I sat down with Mike Six to better understand the new nanotechnology enhanced blade introduced last year and what effects he has seen in the field. Nothing is more valuable than hands-on experience from an expert. Mike is the Regional Applications Manager – Doctoring for the Midwest for Kadant Solutions. Mike has worked for Kadant Solutions for 12 years and provides doctoring and roll cleaning support to the organization’s District Sales Managers.
V: What is nanotechnology and how does it differentiate between other doctor blades?
M: Nanotechnology, as it applies to doctor blades, is a microscopic filler material that is used to enhance the doctor blade. It’s added to resin to make the blade denser with higher peel strength and chip resistance. This stands out from a typical composite blade and allows for better wear resistance and roll cleaning.
V: Are the enhanced blades patented?
M: Yes, patents are either pending or have been awarded around the world.
V: What blade materials are available in the nanotechnology enhanced blade range?
M: The nPak TC™, nPak G™, nPak C™, and the nPak C+™. The nPak TC has a carbide sprayed tip and the carbide contains nanotechnology enhanced particles. The nPak G is all fiberglass combined with nanotechnology enhanced resin. The nPak C is fiberglass, carbon and the nanotechnology enhanced resin. The nPak C+ is all carbon with an enhanced high temperature resin.
V: What applications will see the most benefit from using nano-blades?
M: In the Midwest I have seen successful applications on ceramic center, wire return and lead in rolls, granite, rubber and composite press rolls, last top dryers, press felt rolls, and covered dryer felt rolls. We have also had success on polyurethane covered rolls in the metal processing industry. This is surely just the tip of the iceberg as these are the best blades for the most demanding applications.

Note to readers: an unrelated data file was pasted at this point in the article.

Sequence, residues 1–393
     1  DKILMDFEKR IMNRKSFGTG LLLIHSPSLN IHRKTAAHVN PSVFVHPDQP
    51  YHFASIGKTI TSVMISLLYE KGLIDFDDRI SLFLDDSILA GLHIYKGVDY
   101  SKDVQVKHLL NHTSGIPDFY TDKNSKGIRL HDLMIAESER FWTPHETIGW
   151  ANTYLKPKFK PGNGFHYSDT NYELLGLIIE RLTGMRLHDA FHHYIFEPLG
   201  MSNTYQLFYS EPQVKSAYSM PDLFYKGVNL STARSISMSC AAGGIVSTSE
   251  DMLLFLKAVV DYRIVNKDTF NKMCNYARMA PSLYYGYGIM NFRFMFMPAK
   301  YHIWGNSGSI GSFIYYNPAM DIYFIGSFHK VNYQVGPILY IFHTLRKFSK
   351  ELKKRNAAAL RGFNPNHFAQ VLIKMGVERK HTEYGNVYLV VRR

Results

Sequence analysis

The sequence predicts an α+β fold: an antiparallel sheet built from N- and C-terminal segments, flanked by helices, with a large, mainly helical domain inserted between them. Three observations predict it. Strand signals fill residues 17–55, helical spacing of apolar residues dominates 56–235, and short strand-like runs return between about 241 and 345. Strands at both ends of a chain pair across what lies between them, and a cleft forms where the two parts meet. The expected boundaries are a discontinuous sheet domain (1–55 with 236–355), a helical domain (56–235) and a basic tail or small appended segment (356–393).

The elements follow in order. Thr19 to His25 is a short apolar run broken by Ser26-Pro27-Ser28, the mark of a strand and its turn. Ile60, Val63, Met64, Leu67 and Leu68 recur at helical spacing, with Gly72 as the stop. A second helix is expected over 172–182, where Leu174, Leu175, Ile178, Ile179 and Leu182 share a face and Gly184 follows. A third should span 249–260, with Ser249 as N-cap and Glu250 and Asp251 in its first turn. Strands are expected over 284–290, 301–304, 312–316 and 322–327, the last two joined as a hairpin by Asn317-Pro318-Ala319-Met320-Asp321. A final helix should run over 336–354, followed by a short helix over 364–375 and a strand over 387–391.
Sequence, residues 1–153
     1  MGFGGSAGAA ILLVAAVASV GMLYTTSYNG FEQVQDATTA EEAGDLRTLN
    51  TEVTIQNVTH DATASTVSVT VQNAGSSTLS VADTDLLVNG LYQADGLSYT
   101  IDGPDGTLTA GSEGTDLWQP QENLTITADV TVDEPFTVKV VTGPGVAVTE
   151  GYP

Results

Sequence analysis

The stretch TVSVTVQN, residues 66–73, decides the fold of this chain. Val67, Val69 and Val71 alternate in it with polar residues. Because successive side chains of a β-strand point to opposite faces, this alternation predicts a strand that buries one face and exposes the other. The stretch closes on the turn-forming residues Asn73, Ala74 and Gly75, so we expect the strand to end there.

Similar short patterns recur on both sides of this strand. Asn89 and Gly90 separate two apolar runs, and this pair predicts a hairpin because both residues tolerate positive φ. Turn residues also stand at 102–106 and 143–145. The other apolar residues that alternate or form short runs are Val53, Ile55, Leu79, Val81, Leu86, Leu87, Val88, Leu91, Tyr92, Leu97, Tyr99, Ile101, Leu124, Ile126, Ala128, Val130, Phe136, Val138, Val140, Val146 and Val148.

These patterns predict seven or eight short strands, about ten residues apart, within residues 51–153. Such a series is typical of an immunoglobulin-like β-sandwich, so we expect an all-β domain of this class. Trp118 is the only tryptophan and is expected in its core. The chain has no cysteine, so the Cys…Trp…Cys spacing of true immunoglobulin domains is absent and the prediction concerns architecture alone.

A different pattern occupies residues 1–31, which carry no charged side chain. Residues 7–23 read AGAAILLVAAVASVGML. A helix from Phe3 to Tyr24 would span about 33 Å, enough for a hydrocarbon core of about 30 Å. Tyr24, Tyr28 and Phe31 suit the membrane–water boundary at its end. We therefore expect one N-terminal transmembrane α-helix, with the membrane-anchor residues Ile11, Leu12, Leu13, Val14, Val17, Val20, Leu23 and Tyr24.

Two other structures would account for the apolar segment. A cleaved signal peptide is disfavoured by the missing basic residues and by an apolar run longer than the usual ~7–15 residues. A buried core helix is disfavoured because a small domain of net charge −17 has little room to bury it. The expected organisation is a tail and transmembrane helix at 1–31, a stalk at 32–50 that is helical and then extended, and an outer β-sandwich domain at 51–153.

V: You mention these blades are best for difficult applications. Do you have an example?
M: One example of a difficult application was on the primary position of a mill using a ceramic covered lead-in roll that was heavily contaminated. Using a competitor’s best offering would get them barely what they needed and the blade would wear out quickly and delaminate. We trialed the nPak C+ which wore and cleaned better, and did not delaminate.
Another example was with a last top dryer where metal blades were damaging the dryer can and the mill was nervous to run a composite blade. Based on previous successes with nPak C+ on other machine positions, the mill had the confidence to make the switch to nPak C. The dryer can is now protected, the mill is using a composite material, and the blades are lasting from shutdown to shutdown.
V: How does the performance compare to conventional doctor blades?
M: That’s going to depend on the application. But let’s compare the nPak C+ (100% carbon and enhanced high temperature resin) to SynTek C™ (100% carbon). The nPak C+ will far outlast the SynTek C and have better bevel integrity. In general, the nPak line are strong blades creating more roll cleaning efficiency.
V: What advantages and/or disadvantages have you seen in facilities using nanotechnology-based blades?
M: There are very few disadvantages, if any. The advantages are obvious: enhanced wear resistance, better roll cleaning, and longer blade life.
V: Have you had any unusual or unique experiences with the nanotechnology-based blades?
M: One thing I didn’t anticipate on a lead in roll application using the nPak C+ is that the blade would maintain its bevel throughout its entire life and as a result cleans the roll like its abrasive even though it’s nonabrasive. This showed me the importance of the bevel.
“I like the product. It’s revolutionary. For the first time in my career I have a whole blade line that is unique versus the competition”. –Mike Six